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Sarasota Opera soprano's voice carries her debut in 'Lucia di Lammermoor'

Young soprano Kathleen Kim, center in white dress, portrays Lucia, a madwoman of the Scottish moors, in Sarasota Opera’s Lucia di Lammermoor. 

Photo by Rod Millington

Young soprano Kathleen Kim, center in white dress, portrays Lucia, a madwoman of the Scottish moors, in Sarasota Opera’s Lucia di Lammermoor. 

Kathleen Kim gives a beautifully well-groomed performance in her debut in the title role of Donizetti's Lucia di Lammermoor at Sarasota Opera. The young soprano has obviously thought through every last phrase and gesture in her portrayal of the madwoman of the Scottish moors, and she brings remarkable ease and accuracy to its high-flying coloratura. At times, though, her Lucia seems too careful on this wedding night gone very wrong.

The daunting Mad Scene is the mountain to climb for any Lucia, and Kim holds the stage convincingly, from her appearance at the top of the stairs in blood-soaked white to her collapse to the ballroom floor after 20 minutes of pyrotechnic trills, delicate ornamentation and splashy runs, with excellent accompaniment by principal flute Marie Tachouet. In her first time around in the role, I wouldn't say that Kim truly inhabits the victimized diva in a dramatic sense, but musically she has it all. Along with a flexible, secure upper register, she brings a fine legato line to Lucia's Act 1 aria at the Ravenswood fountain, and her voice fits nicely into the famous sextet.

Because the Korean-American Kim is so diminutive, the husky male principals — Enrico (Lee Poulis), Edgardo (Joshua Kohl) and Arturo (James Chamberlain) — tower over Lucia like the Giants in Wagner's Das Rheingold. Kohl's performance of the final Tomb Scene for the tenor — moving, yes, but oddly beside the point considering the lurid tragedy that leads up to it — is strongly sung if a bit labored. Sarasota regular Young-Bok Kim is a booming bass presence as the chaplain Raimondo.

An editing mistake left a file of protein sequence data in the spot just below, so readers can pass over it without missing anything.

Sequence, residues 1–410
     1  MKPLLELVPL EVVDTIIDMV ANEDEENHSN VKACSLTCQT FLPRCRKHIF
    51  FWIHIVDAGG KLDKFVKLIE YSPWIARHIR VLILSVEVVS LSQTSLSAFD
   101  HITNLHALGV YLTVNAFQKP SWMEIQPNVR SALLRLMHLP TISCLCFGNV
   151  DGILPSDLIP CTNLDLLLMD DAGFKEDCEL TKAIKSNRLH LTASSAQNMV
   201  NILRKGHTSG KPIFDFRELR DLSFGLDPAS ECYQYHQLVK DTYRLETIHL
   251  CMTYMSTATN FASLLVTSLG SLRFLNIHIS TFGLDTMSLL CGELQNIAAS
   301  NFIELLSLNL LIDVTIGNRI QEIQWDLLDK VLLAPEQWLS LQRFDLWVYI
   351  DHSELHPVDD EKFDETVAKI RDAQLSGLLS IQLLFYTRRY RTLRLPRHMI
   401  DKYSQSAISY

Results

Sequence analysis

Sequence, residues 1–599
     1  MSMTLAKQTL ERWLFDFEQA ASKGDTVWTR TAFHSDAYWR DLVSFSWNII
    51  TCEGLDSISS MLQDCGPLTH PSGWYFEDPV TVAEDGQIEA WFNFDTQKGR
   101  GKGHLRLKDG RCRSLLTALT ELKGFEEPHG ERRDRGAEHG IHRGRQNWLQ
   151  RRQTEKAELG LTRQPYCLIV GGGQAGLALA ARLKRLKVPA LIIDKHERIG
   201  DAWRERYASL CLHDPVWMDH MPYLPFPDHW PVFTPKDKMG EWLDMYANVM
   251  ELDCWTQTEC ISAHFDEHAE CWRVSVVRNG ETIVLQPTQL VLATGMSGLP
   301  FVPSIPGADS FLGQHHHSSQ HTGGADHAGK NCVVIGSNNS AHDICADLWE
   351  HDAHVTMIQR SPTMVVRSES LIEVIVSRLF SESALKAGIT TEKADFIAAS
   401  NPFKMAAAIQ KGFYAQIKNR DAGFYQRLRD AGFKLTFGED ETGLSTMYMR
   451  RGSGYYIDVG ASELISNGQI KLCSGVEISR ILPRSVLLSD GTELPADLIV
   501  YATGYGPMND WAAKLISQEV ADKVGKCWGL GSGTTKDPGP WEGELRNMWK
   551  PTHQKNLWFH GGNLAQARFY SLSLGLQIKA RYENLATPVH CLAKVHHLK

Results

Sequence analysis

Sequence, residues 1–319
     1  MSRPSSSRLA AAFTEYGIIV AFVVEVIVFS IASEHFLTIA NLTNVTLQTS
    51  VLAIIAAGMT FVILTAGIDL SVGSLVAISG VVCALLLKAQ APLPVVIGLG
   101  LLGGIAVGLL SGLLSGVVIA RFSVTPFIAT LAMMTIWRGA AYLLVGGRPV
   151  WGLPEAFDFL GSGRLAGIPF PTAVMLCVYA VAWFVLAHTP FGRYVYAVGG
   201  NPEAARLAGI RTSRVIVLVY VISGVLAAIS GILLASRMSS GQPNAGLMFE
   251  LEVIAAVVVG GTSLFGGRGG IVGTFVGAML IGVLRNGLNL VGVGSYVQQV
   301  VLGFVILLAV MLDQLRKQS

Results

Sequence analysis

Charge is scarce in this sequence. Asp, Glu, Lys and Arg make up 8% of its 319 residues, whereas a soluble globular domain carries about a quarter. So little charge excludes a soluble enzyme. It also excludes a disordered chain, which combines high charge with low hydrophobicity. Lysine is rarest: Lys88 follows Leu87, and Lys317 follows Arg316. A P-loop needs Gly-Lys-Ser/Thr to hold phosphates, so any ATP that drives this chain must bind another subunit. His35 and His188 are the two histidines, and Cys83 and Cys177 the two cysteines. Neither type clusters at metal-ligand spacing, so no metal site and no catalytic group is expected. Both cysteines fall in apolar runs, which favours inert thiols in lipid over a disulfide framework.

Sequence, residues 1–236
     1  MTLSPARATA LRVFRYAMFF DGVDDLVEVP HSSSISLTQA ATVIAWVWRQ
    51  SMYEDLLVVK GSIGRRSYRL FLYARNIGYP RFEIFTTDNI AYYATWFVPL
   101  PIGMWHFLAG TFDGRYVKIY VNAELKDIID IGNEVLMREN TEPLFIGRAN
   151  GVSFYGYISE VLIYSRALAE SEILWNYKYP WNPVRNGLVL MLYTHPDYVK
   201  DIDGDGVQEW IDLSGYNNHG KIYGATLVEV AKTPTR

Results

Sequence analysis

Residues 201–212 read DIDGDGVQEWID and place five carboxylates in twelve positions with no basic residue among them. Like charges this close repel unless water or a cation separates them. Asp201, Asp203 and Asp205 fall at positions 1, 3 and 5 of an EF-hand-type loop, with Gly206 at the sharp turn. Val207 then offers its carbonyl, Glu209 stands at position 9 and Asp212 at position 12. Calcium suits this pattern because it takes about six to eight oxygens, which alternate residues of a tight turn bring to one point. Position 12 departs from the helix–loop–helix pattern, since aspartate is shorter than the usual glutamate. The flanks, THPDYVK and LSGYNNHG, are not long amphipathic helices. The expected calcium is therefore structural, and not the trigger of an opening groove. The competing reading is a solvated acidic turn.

Conductor Anthony Barrese and the orchestra take a rather soft-edged approach, which is apt in sections like the hushed, funereal prelude, but often shortchanges the frenzied urgency of Donizetti's melodramatic score.

Lucia di Lammermoor has five performances through March 23. $45-$125. (941) 328-1300; sarasotaopera.org.

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Four musicals top the lineup of freeFall Theatre's 2012-13 season, including the first Tampa Bay area production of Spring Awakening, the Duncan Sheik-Steven Sater creation that married a 19th century German play by Frank Wedekind with rock 'n' roll. Also on the agenda, musically speaking: John & Jen, a two-person show by Andrew Lippa and Tom Greenwald; and Bernarda Alba by Michael John LaChiusa, based on Federico García Lorca's 1936 play The House of Bernarda Alba.

Artistic director Eric Davis is bringing back A Christmas Carol, Bruce Greer and Keith Ferguson's musical take on Charles Dickens that premiered over the holidays this season. Freefall, in its third season in its St. Petersburg home, will continue to stage Shakespeare, with a production of Romeo and Juliet. Other plays on the schedule are An Empty Plate in the Cafe du Grand Boeuf by Michael Hollinger (Opus); and Speech and Debate, a dark comedy by Stephen Karam.

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There's an interesting production at the USF School of Theatre and Dance. Body Stories, presented as part of the BRIT (as in British International Theatre) program, is a collaboration between students and Britain's Filter Theatre on a script worked up during rehearsals from cast members' accounts of their own bodies. 8 p.m. today and Saturday and 3 p.m. Sunday at Theatre 2 on the Tampa campus. $8-$15. (813) 974-2323; theatreanddance.arts.usf.edu.

John Fleming can be reached at fleming@tampabay.com or (727) 893-8716.

Sarasota Opera soprano's voice carries her debut in 'Lucia di Lammermoor' 03/01/12 [Last modified: Thursday, March 1, 2012 10:48pm]

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